I kept waiting for somebody to bring up the argument: “Well we haven’t been bothering to pay taxes, and you didn’t bother to protect us from Trollocs, so it seems like we’re in agreement that we have nothing much to do with each other.”

    Liked by 4 people

      1. That’s the other trick.
        Traditionally fighting dragons fell under the purview of Legendary Heroes.
        Armies need not apply.

        Most stories where they fight dragons depend on the dragon politely sitting around and letting them get shots in.

        What if the dragon flies by at top speed, breathing fire, then lands 5 miles away?
        It sits around, munching on cows, then does another pass.
        Fly a bit further when they need to rest, and they could keep this up for weeks without ever giving the dragons slayers more than a few seconds to respond.

        Liked by 2 people

  2. So Patricia Wrede did a series that touched on this. The Thirteenth Child is set on a magical borderland in a USA with actual magic and dragons and historical knock on effects. Lots of fun, so much of the books is about the border. And her issues with being an unlucky 13th child, twi n to a 7th son of a 7th son. That cool too.

    Liked by 2 people

  3. Don’t forget mineral rights and water rights too. I don’t know about other states, but in California those can be sold separate from the land.

    Liked by 2 people

    1. In KY, unless they’re deliberately separated, the state assumes whoever owns the land owns the mineral and water rights. We have lots of oil around my area, and one place we looked into buying (briefly) contained an oil rig (or twelve) and it was especially stipulated that the previous owners would continue to own the mineral rights/oil for the next _thirty years_. Suffice to say, between that and the price they asked, nobody’s bought it yet.


  4. Ah, but is American ginseng proper ginseng? Why, even ginseng from China or Manchuria is improper if it was cultivated, and ginseng farms were destroyed to prevent fraud.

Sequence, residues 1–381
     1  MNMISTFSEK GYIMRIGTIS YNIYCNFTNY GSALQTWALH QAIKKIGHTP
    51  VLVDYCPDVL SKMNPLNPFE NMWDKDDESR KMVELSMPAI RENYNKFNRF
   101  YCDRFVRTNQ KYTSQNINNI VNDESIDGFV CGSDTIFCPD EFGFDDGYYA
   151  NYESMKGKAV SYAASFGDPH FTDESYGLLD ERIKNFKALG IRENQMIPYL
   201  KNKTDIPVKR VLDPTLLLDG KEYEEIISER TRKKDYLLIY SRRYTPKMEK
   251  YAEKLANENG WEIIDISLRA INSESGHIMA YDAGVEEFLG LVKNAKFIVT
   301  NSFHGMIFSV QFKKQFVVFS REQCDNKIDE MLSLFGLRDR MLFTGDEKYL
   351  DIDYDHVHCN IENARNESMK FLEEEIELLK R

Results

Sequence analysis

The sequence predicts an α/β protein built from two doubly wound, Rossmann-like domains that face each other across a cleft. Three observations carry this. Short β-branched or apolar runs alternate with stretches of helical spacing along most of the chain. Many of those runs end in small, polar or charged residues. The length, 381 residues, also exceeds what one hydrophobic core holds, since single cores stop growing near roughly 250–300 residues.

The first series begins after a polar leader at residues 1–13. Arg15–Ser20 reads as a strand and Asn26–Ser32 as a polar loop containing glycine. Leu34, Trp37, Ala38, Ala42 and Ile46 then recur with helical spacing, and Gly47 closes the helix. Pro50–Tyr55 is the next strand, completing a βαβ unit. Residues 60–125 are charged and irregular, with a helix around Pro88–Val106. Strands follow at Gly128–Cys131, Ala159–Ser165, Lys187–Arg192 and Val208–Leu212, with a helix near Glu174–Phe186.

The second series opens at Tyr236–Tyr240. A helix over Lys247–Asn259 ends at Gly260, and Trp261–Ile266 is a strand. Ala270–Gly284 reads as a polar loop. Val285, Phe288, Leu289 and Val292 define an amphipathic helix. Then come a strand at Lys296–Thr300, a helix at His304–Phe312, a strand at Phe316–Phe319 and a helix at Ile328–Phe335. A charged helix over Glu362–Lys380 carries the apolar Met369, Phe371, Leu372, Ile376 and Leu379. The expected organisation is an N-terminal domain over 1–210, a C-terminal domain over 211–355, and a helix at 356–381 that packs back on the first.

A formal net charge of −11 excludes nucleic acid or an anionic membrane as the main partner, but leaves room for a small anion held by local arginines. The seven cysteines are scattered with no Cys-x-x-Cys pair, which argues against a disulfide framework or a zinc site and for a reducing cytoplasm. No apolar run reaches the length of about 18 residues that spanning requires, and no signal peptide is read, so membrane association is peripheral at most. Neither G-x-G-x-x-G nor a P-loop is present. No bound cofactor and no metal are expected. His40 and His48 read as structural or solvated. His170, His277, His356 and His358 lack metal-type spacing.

A World Trimmed with Fur: Wild Things, Pristine Places, and the Natural Fringes of Qing Rule by Jonathan Schlesinger is interesting.

    Liked by 1 person

    1. That book is on my list of Things To Get When More Funds, yes.

      In fact, according to my research, American ginseng is indeed and has always been considered proper ginseng, just with slightly different properties than Asian ginseng. Asian is more “warming”, while American is more “cooling”.


  5. And in a fantasy, where there might be multiple realms overlapping the same land (you know, faerie/demon/heavenly etc) that will surely complicate things quite a bit, at least for certain people.

    “Oh no, I can’t go that way, we’ll need an alternate route for that leg of the journey. The river maybe? We could rent a boat-”

    “I hate boats. Why can’t we use the nice, we’ll maintained, inn studded road?”

    “That road overlaps into faerie. I miiiight owe a few people money I can’t pay yet. You know how it is. It might be fine, but we really don’t have time to waste if they catch me.”

    “Fine, fine, river it is. But it overlaps into the nether realm in this area down here, you don’t owe anyone inconvenient money there, right?”

    “….. Maybe if we went east instead?”

    “Oh for the love of-!”

    Liked by 4 people

    1. Ars Magica (rpg system) deals with that sort of thing. In some cases, multiple layers of reality, only some of which may be overlapping with other domains. So you may have base reality, with four nested layers of a magic aspected domain stacked, while the third layer overlaps with a faery aspected domain that doesn’t connect directly to base reality. Or some other odd combination. (the default/core four domain types are magic, faery, divine, and fiendish, tho there’s other types available in some of the splatbooks).

      Liked by 1 person

  6. Under feudalism, the lords who were on borders needed to be trustworthy because they were the first line of defense, and they also paid fewer feudal duties because they needed the stuff for their defense. Hence margraves, marquises, and marcher lords had higher status because they were — edge lords.

    Liked by 3 people